“Deep brain stimulation,” or DBS, may provide significant relief to as many as two-thirds of patients with severe obsessive-compulsive disorder, a new study finds. Photo by Raman Oza/Pixabay
When traditional treatments don’t help patients with severe obsessive-compulsive disorder (OCD), an implant that zaps the brain with electrical pulses could, a new study shows.
It found that the remedy — known as “deep brain stimulation,” or DBS — can provide significant relief to as many as two-thirds of such patients. On average, it can reduce symptoms caused by OCD by nearly half, the review found.
“[OCD involves] intrusive and bothersome thoughts that the individual cannot silence, and compulsions which are repetitive, ritualistic behaviors performed to reduce the anxiety caused by the compulsions,” said study author Dr. Sameer Sheth. He is an associate professor of neurosurgery at Baylor College of Medicine at Houston.
It is estimated that 3% of the world’s population is affected. For people with severe OCD that is out of control, the symptoms can be “devouring,” Sheth said. Examples of OCD include repeated hand washing, organizing and organizing, repeating and checking words in the head, and double-checking.
“They can prevent the person from being able to perform other necessary activities of life, and therefore be extremely disabling,” Sheth said. “Some people are unable to leave their room or house because of the cleaning rituals that would be necessary to re-enter, or can’t associate with others because of incessant taboo thoughts.”
The good news is that a combination of behavioral therapy and standard antidepressants — such as serotonin reuptake inhibitors (SRIs) — help many people.
The bad news: “About 10% to 20% don’t respond” to those treatments, Sheth said.
Enter DBS, a pacemaker-like system, for the brain.
“Like a pacemaker, it consists of a stimulator that is usually implanted under the skin in the upper chest and connected to a wire (electrode),” he said. “The electrode is implanted in specific regions in the brain,” including those involved in decision-making and the balancing of emotions.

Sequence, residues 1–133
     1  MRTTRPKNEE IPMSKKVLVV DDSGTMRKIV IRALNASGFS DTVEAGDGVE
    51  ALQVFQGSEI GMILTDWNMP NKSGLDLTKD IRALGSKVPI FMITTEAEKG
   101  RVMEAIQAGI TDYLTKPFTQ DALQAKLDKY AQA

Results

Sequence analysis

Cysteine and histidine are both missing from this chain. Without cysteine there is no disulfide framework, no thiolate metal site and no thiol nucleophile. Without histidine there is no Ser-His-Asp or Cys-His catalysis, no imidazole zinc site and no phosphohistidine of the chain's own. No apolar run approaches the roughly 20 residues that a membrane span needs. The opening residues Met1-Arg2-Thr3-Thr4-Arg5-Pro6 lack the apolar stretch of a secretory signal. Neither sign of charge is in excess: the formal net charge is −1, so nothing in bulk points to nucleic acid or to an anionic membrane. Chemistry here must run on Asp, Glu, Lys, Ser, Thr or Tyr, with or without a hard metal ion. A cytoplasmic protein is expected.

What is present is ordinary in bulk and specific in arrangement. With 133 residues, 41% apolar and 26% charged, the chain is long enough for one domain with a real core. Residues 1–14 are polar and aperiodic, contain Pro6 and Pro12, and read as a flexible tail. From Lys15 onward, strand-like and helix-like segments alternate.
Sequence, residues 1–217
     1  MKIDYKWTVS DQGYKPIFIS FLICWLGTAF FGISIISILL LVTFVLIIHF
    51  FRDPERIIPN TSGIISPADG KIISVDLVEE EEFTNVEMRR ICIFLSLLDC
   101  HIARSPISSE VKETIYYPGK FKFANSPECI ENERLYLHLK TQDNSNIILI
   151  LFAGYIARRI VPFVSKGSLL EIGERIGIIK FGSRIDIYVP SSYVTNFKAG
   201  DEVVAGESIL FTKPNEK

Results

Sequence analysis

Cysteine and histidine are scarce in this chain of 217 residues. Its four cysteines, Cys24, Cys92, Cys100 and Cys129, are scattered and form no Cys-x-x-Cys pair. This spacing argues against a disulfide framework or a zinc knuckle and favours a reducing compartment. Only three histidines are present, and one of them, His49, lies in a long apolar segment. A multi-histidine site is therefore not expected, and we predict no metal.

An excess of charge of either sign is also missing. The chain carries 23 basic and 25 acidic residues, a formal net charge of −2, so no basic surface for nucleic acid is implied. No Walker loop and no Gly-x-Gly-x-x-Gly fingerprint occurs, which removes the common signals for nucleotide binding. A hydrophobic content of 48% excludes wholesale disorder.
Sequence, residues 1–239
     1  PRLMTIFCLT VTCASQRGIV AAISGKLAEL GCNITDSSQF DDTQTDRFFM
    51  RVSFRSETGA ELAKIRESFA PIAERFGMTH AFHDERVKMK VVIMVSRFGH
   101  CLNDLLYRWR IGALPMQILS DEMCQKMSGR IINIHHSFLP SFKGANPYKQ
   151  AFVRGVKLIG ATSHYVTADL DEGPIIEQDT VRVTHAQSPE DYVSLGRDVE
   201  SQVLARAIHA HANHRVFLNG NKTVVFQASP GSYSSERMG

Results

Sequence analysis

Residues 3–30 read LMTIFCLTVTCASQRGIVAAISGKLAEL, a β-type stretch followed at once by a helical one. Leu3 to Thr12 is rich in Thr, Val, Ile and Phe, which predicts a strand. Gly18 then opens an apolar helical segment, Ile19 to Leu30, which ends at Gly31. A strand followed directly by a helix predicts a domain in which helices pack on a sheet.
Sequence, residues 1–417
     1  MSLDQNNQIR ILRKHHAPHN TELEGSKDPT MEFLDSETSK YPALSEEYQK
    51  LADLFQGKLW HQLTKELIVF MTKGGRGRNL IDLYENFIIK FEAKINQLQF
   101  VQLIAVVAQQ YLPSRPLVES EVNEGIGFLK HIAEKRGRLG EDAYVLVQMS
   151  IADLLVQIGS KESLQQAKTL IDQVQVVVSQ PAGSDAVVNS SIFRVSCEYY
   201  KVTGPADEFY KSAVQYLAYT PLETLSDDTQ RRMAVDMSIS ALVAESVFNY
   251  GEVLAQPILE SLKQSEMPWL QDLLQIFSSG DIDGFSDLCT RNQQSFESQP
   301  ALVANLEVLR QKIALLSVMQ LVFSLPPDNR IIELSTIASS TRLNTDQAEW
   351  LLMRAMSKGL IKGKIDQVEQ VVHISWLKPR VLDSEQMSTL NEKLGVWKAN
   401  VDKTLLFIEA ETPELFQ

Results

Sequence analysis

The goal is that by restoring activity in these areas to a more balanced state, DBS will alleviate the symptoms of OCD.
But does it work?
To find out, Sheth’s team reviewed the findings of 31 studies conducted between 2005 and 2021.
Collectively, the studies included 345 adult OCD patients, with a mean age of 40 years. They had all struggled with severe to extreme OCD that had not responded to standard treatments.
On average, participants had battled crippling OCD symptoms for nearly 25 years. Many also suffered from depression, anxiety and/or personality disorders.
The review found that after an average treatment period of approximately two years, DBS had produced remarkable symptom improvements in two-thirds of patients. On average, symptoms decreased by 47%, the researchers reported.
Significant relief from depression was also attributed to DBS treatment. The studies found that it got rid of the problem in half of the patients for whom it was a problem.
The studies also found drawbacks to DBS therapy.
About one in five patients had at least one serious side effect of DBS, the review found. These can include an increased risk of seizures, suicide attempts, stroke, and new OCD symptoms associated with DBS itself.
Still, Sheth emphasized that the benefit is hard to ignore, noting that the level of symptom relief linked to DBS “usually allows people to function again,” at school, at work, and in relationships.
“Patients almost never get worse,” he added, “so there’s actually little risk of DBS for properly selected patients.”
Sheth’s takeaway: “DBS for OCD is an effective and safe treatment, as we have now demonstrated with an in-depth analysis of hundreds of patients in different countries.” Over time, DBS will likely become even more effective, as “the consistency of improvement will increase,” he added.
Two experts who were not involved in the study largely agree.
“Since the [DBS] electrodes are implanted in the areas of the brain that contribute to OCD, it’s no surprise that it works,” said Dr. Gopalkumar Rakesh, an assistant professor of psychiatry at the University of Kentucky College of Medicine, in Lexington.
What is needed now, Rakesh said, is the adoption of a “precision drug approach” to using DBS so that doctors and scientists can better predict what a person with OCD will respond to it.
dr. Jeffrey Borenstein, president and CEO of the Brain & Behavior Research Foundation in New York City, echoed that thought.
“While it’s not a brand new therapy, DBS is really in the development phase that needs more research,” Borenstein said. “So I’d say the results of this study point to the need for even more research, to determine which patients are more likely to benefit, and to really fine-tune that treatment to have the greatest benefit.”
The research review was published online Tuesday in the Journal of Neurology, Neurosurgery & Psychiatry.
There’s more about deep brain stimulation for OCD at Mount Sinai.
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